by Charlotte Vestal Brown
After 26 years, in January 2008 I submitted my resignation as Director of the Gregg Museum of Art & Design effective March 1, 2009. Time flies when you’re having fun.
This decision was not easy to make but for a couple of years I had experienced pinpricks of desire to write more; curate different exhibitions; consult for other museums; help artists and galleries; and travel with and to see my friends.
Life is also full of surprises. My retirement plans are now greatly enhanced
by my new husband, Steve Wainwright, who shares my vision for travel, writing,
consulting and friends. Our combined interests, friends and families will
be the central focus of my life and our life together. What a wonderful
surprise, what a huge joy, what a help in giving up this position that has
for years ruled my life.
It is also a surprise to be told, again and again, that the Gregg Museum of Art & Design is my legacy. A young woman from a small town in the piedmont of North Carolina would never aspire to “a legacy.” She could aspire to family and friends but her legacy would be her children, and Jonathan is certainly mine. But as I thought of Jonathan I began to think that a legacy is being left to the students and faculty of North Carolina State University and the citizens of our state. The legacy has been created by the combined efforts of many dedicated Museum staff members as well as the students and faculty of this University and the Friends of the Gregg. On behalf of those who made it possible, I bequeath in 2009:
- An art, craft and design collection of approximately 25,000 objects insured for well over $5 million whose value for teaching, learning, research and exhibition has only begun to be tapped;
- A purpose-built museum facility that opened in 1992 and is now completely out grown, but still has the best two gallery spaces imaginable;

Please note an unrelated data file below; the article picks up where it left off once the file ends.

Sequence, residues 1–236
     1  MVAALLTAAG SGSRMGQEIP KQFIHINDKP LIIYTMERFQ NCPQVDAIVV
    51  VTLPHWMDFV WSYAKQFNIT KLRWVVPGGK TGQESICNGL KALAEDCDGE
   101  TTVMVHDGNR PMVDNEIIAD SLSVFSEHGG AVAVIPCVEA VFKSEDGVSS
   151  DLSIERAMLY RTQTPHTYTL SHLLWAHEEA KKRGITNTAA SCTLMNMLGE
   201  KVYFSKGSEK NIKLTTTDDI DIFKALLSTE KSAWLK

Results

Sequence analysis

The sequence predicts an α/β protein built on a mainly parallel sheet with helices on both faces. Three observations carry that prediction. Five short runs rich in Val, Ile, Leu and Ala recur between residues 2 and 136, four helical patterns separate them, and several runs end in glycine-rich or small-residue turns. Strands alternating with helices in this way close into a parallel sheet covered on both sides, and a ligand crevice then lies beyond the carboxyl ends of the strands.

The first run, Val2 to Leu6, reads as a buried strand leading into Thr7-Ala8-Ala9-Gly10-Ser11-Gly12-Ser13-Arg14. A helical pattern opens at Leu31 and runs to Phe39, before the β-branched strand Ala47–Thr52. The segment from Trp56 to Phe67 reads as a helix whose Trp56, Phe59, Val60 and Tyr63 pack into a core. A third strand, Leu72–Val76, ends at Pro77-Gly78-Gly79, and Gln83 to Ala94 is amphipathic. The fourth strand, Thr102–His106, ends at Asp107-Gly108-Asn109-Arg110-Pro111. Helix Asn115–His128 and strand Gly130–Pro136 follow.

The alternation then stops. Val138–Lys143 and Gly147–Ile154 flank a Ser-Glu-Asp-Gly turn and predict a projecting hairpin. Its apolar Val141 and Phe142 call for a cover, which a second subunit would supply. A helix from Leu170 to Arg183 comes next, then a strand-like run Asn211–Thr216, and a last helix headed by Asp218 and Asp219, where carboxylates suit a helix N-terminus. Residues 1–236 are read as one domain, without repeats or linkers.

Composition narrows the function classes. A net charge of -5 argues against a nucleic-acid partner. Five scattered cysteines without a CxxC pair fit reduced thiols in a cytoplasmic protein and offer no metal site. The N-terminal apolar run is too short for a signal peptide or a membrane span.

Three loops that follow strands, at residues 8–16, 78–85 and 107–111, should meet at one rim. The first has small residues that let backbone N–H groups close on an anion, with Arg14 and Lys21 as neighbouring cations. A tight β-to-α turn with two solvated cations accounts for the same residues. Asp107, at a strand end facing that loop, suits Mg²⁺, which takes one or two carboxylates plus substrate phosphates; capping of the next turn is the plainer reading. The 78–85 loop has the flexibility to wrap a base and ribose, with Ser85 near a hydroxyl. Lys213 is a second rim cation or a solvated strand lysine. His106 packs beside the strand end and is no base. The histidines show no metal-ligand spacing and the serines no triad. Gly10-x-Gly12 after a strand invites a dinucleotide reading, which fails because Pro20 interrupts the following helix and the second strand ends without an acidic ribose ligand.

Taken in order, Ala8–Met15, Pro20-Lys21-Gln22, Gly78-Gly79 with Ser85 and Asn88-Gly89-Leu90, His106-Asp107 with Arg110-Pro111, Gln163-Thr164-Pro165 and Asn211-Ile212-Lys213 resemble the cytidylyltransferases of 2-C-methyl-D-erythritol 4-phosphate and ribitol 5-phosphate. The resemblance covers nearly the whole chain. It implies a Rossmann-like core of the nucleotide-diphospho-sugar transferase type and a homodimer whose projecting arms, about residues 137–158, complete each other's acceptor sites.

- A wonderful staff whose individual commitments have helped me to make this “a legacy”;
- A Friends of the Gregg organization that has since its inception in 1983 been a great source of moral and financial support during the evolution from the Office of the Curator of Art to the Gregg Museum;
- At least 80 exhibitions whose value as documents about North Carolina, American life, culture and dreams are recorded in the publications that accompanied them;
- The goodwill of friends, artists, museum colleagues and peers in this country and abroad; and
- Education and outreach programs that use the collection and constantly seek new avenues to reach students, staff, faculty and the wider community.
I also bequeath a dream: a dream that in 2034, 26 years from now, my successors will be able to bequeath:
- An accredited purpose built, freestanding museum with parking for visitors and a nationally memorable front door;
- Friends of the Gregg with 2000 members;
- A staff sufficient to use the resources to deliver the vision in support of the University;
- A textiles conservation center;
- A collection of 50,000 objects to support object-based learning;
- Academic recognition of the Gregg Museum as a major resource for research and critical inquiry;
- A program to support a visual arts major;
- Delivery of education and outreach through web-based classes and presentations;
- A budget that would allow the Gregg Museum to make program decisions not based on whether it is affordable but “is this the right thing to do?”; and
- Multiples of other good things such as peer recognition, patrons and colleagues.
By 2034 North Carolina may be one of the 5 most populous states in the nation. This University and its agents – including the Gregg Museum – will be more challenged than ever to serve and educate students of all ages and ethnic origins to think critically and make wise decisions to shape the future that will continue to come at us as fast as an eyeblink.
I hope my successors will be suffused with the heartfelt gratitude I have to everyone who has contributed to this legacy and has helped time fly.